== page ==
Both Ricardo and Mayra were born in Mexico. They moved to U.S., where they met three years ago, began to date, and eventually moved in together. At the time, neither had a strong faith, but they were nevertheless overjoyed when, in October 2008, Mayra became pregnant.

lung tumorMonths later, doctors detected a cancerous tumor in Mayra’s lungs that was already in an advanced stage and was still continuing to grow. Mayra was advised to abort the baby on the spot, so that she could start a treatment to halt the cancer growth.

But Ricardo and Mayra chose life. Although it was difficult, Ricardo said he never had any second thoughts in the decision to choose life. When the option of abortion was presented, “We always said ‘no.’ We couldn’t do that,” he explained. “God gave life and God takes it away.”

“And we can trust in God and let His will be done,” he continued, explaining the peace that the couple found in abandoning themselves to the Lord’s will. “We can accept whatever God sends us, good or bad.”

While Mayra’s cancer continued to take its toll, the couple was beginning to learn more about their faith. Mayra’s sister, Aida, recalled the couple’s spiritual journey. She described how God had not always played a prominent role in her sister’s life. “She believed, but like many Catholics, did not know her faith,” she said.

The road was difficult, but Ricardo and Mayra were not alone. They received prayerful support and solidarity from the Catholic community, including prayer groups from St. Anthony of Padua and St. Joseph’s parish.

Divine MercyParticularly memorable for Ricardo was the loving presence of Fr. John Gregory, who helped the couple through their struggle. “He was always close to us,” he said, “teaching us, helping us, supporting us, strengthening us, speaking to us about God, of all that God had done for us.”

The sickness brought many trials, but also moments of light and hope. One time, the couple passed by St. Joseph’s Church as they were on their way to the hospital. Mayra was experiencing sharp pains and having difficulty breathing, but she asked to stop at the Church.

“Without thinking about it, we got out and as we entered we saw the image of the Divine Mercy and she started to cry right there,” Ricardo said, noting Mayra’s devotion to the image of Divine Mercy.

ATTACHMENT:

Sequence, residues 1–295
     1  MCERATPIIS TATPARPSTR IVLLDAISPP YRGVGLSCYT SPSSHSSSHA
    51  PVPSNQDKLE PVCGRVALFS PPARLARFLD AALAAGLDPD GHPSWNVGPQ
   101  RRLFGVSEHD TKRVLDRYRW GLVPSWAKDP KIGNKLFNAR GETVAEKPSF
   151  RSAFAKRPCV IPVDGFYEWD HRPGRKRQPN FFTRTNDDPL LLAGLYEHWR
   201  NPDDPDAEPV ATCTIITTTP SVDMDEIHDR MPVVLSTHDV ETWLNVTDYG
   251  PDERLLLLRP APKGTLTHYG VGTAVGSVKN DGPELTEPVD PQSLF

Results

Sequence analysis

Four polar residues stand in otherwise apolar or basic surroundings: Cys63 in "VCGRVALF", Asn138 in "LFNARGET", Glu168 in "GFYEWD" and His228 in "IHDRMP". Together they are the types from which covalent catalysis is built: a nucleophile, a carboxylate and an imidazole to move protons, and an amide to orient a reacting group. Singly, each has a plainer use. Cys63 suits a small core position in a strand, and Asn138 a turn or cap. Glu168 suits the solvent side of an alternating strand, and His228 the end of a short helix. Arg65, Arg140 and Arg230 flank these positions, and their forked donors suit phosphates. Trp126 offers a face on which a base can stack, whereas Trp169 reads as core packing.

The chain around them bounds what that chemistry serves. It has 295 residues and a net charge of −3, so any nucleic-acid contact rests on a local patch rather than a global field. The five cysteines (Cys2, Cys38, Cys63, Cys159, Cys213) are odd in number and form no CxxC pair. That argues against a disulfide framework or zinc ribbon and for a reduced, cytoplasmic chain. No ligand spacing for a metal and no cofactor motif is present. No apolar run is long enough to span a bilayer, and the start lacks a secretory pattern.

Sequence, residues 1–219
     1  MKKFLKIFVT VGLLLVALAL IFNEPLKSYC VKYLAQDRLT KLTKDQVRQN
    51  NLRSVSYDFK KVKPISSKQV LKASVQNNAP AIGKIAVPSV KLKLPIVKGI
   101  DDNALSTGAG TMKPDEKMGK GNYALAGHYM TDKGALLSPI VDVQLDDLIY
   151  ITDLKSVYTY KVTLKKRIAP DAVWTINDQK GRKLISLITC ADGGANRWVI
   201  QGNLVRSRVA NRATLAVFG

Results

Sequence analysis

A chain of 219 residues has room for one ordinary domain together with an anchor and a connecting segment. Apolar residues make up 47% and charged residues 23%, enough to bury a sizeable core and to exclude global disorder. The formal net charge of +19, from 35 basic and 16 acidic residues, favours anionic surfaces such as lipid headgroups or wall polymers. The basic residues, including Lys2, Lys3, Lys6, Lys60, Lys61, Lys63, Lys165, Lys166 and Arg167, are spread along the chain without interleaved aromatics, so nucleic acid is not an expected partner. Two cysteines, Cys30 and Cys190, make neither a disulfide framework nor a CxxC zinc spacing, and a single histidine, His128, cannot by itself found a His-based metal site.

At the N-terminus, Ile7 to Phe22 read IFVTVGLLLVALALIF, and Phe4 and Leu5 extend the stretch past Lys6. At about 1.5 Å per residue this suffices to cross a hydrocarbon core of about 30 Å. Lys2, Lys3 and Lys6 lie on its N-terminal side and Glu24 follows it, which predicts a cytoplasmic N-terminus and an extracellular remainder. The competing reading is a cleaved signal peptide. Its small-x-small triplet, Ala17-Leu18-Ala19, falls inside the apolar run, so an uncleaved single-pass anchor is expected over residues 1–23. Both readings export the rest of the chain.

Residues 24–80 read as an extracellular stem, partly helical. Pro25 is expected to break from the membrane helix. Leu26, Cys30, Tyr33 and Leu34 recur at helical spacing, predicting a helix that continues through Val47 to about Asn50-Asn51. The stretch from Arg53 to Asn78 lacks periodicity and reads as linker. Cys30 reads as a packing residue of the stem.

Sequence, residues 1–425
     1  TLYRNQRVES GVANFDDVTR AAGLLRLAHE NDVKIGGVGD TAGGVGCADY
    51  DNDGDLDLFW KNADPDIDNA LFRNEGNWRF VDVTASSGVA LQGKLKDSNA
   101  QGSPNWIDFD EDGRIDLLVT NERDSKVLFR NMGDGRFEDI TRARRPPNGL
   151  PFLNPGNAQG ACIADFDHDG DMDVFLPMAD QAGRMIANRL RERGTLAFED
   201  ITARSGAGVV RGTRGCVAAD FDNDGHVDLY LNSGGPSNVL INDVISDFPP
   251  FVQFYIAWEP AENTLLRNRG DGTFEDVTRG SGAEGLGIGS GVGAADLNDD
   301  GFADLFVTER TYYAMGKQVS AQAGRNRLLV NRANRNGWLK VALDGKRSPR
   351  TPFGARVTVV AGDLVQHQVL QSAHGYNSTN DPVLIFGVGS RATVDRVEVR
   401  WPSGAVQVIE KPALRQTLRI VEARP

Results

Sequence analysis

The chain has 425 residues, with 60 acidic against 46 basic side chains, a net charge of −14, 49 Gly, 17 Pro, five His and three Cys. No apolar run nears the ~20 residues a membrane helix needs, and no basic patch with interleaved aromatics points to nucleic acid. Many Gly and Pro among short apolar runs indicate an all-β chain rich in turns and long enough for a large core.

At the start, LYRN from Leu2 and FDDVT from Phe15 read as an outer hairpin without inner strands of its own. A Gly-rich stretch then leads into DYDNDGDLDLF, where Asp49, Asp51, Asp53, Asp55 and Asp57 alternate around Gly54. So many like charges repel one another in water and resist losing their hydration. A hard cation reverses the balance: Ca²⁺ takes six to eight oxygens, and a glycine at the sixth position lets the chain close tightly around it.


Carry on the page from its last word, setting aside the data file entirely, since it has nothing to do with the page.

They stayed at the Church praying for about two hours, first alone and then with members of a prayer group who arrived and offered to pray with them. Mayra’s pain soon disappeared.

“As we went home, we were reflecting on all that had happened: we were going to the hospital but ended up in the Church,” Ricardo said. “That was another incredible thing that consoled us and brought us peace. Again we realized that we weren’t alone.”

Six and a half months into the pregnancy, Mayra began chemotherapy. About six weeks later, however, doctors determined that the treatments were not working, and they had to perform an immediate caesarean section.

The operation involved a high risk of death for both Mayra and her son. It was an intense day of prayers and trust, Father John Gregory explained, and it affected even the hospital workers. “The nurses said, ‘This the first time we have seen something so strong, the blending of life and death.’”

Mayra survived the C-section, and Samuel was born, healthy for a premature baby. After a few weeks, the family was able to go home, but Mayra’s condition continued to decline, until she had to return to the hospital, where the pain could be controlled.

Despite radiation therapy, the cancer overtook Mayra’s body and eventually, she was unable to eat or even breathe on her own.

On June 21, while she was in the hospital, Mayra and Ricardo were married. As they had grown in their faith and received guidance from Fr. John Gregory, they had come to see the meaning of marriage.

“We got married in a room in the hospital. It was beautiful,” Ricardo said. “Afterwards, we felt peaceful, in God’s grace. We also did it for Samuel, so that he could also receive God’s blessing of having his parents married.”

As her condition grew worse, Mayra’s family prepared for the end of her earthly life. Aida described the beauty that shone through the pain of her sister’s last days on earth. “At the end, I saw her like Christ, with so many wounds and bruises on her arms and her side,” she said.